A victory for Pakistan does not necessarily mean a loss for India

Published: June 23, 2017
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Cheerleaders from India and Pakistan add zing to cricket. PHOTO: AFP

Ever since I can remember becoming zee shaoor (in possession of one’s full mental capacity), my household has been a hard core, absolutely bonkers, completely ridiculous, and rowdy cricket fan.

It runs in the genes, so they tell me.

My father often tells me how my paternal great grandfather used to listen to the English commentary of cricket matches on the radio in the 50s, where he was one of the few individuals in my rural hometown of Hala, Sindh, to own a radio.

English commentary? Rural Sindh? 50s? What am I saying?

But yes, he had received a scholarship of Rs5 before the Partition from the Abdullah Haroon family to study at Junagadh. He used to travel to and from Junagadh on a boat where he completed his education and learnt the colonial master’s tongue. The British left, but cricket never left that old man, and his wife could never understand what really happened to him with a radio to his head and Abdul Hafeez Kardar leading the Pakistani team on British soil.

Abdul Kardar. Photo: PA

Coming back to cricket, my grandfather’s favourite was Inzamamul Haq and my father absolutely doted (and still does) over Imran Khan. My brother has always been cricket crazy and I sometimes suspect that he has some form of obsession attached to the game. In the 90s decade, while we were growing up, two brothers separated by half a dozen years of both maturity and life experiences, he used to spend his monthly pocket money of Rs100 on buying the English ‘Cricketer’ and Urdu ‘Akhbar-e-Watan’ magazines.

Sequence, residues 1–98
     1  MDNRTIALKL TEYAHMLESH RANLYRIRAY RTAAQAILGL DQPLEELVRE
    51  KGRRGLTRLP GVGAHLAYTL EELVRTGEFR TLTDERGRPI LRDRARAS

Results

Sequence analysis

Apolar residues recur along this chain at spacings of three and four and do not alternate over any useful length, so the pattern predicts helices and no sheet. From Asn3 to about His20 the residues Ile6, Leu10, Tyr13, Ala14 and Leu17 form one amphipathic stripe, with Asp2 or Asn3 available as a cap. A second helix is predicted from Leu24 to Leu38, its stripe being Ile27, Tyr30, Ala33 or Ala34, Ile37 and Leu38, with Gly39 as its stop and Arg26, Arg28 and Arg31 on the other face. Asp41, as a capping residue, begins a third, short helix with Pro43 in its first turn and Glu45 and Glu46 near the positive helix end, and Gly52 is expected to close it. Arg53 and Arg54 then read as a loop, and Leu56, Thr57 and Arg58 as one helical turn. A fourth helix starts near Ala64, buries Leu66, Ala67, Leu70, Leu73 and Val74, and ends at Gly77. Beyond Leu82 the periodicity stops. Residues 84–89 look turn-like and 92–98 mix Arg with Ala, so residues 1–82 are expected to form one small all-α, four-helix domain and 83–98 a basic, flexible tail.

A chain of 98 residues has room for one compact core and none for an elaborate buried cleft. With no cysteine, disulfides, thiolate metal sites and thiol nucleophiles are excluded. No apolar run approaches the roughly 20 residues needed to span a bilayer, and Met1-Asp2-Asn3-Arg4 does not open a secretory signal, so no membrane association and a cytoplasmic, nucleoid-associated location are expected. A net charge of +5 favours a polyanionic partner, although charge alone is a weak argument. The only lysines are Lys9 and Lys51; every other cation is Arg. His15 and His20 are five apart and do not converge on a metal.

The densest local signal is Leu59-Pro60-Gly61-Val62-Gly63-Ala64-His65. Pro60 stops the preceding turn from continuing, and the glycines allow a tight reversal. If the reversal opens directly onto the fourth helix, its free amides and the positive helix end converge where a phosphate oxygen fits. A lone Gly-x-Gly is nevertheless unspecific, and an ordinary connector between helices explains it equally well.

To cover the expenses of such frivolous spending, he used to take over my pocket money of Rs70 too. And so it was my conscious decision to rebel against the sacred family norm (much like in everything else that I have done in my life) and start following football as a sport. Well, it didn’t work out for me. You see, genetic anomalies are hard to get over. Arsenal’s fervour died over the years after the magician Thierry Henry retired and today, I don’t even know who won the English Premier League this season. So, cricket had me trapped again, drawing myself into its snares and here I am writing about it.

Inzamamul Haq finally crossed 50 in the series, Pakistan v West Indies, 4th day, 3rd Test, karachi, November 30, 2006. Photo: AFP

Imran Khan savours the moment of victory, Pakistan v England, World Cup final, 1992. Photo: Getty Images

So we won the ICC Champions Trophy. Yes, we beat India in the finals of that tournament at the hallowed Oval ground on Sunday, June 18th, and completed our trophy shelf. Now we have the ICC ODI World Cup 1992, the ICC T20 World Cup 2009 and the ICC Champions Trophy 2017. Yes, we won that, and I am extremely proud of the boys in green.

Pakistan won their first Champions Trophy title, India v Pakistan, Final, Champions Trophy 2017, The Oval, London, June 18, 2017. Photo: PA